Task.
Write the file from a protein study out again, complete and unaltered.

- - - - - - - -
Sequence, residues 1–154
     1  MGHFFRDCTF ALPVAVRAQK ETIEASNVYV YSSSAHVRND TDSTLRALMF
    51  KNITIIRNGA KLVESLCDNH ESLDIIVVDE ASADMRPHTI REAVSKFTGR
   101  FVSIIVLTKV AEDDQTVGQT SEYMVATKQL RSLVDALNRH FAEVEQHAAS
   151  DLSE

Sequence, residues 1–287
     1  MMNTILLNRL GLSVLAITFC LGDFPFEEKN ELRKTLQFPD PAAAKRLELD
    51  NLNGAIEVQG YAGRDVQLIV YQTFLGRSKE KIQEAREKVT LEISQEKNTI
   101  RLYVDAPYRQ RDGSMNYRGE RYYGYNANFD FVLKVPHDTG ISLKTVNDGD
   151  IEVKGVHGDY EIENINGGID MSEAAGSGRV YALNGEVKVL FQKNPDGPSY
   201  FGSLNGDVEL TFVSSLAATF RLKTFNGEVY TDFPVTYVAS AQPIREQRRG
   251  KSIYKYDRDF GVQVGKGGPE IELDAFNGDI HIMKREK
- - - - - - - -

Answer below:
Sequence, residues 1–154
     1  MGHFFRDCTF ALPVAVRAQK ETIEASNVYV YSSSAHVRND TDSTLRALMF
    51  KNITIIRNGA KLVESLCDNH ESLDIIVVDE ASADMRPHTI REAVSKFTGR
   101  FVSIIVLTKV AEDDQTVGQT SEYMVATKQL RSLVDALNRH FAEVEQHAAS
   151  DLSE

Sequence, residues 1–287
     1  MMNTILLNRL GLSVLAITFC LGDFPFEEKN ELRKTLQFPD PAAAKRLELD
    51  NLNGAIEVQG YAGRDVQLIV YQTFLGRSKE KIQEAREKVT LEISQEKNTI
   101  RLYVDAPYRQ RDGSMNYRGE RYYGYNANFD FVLKVPHDTG ISLKTVNDGD
   151  IEVKGVHGDY EIENINGGID MSEAAGSGRV YALNGEVKVL FQKNPDGPSY
   201  FGSLNGDVEL TFVSSLAATF RLKTFNGEVY TDFPVTYVAS AQPIREQRRG
   251  KSIYKYDRDF GVQVGKGGPE IELDAFNGDI HIMKREK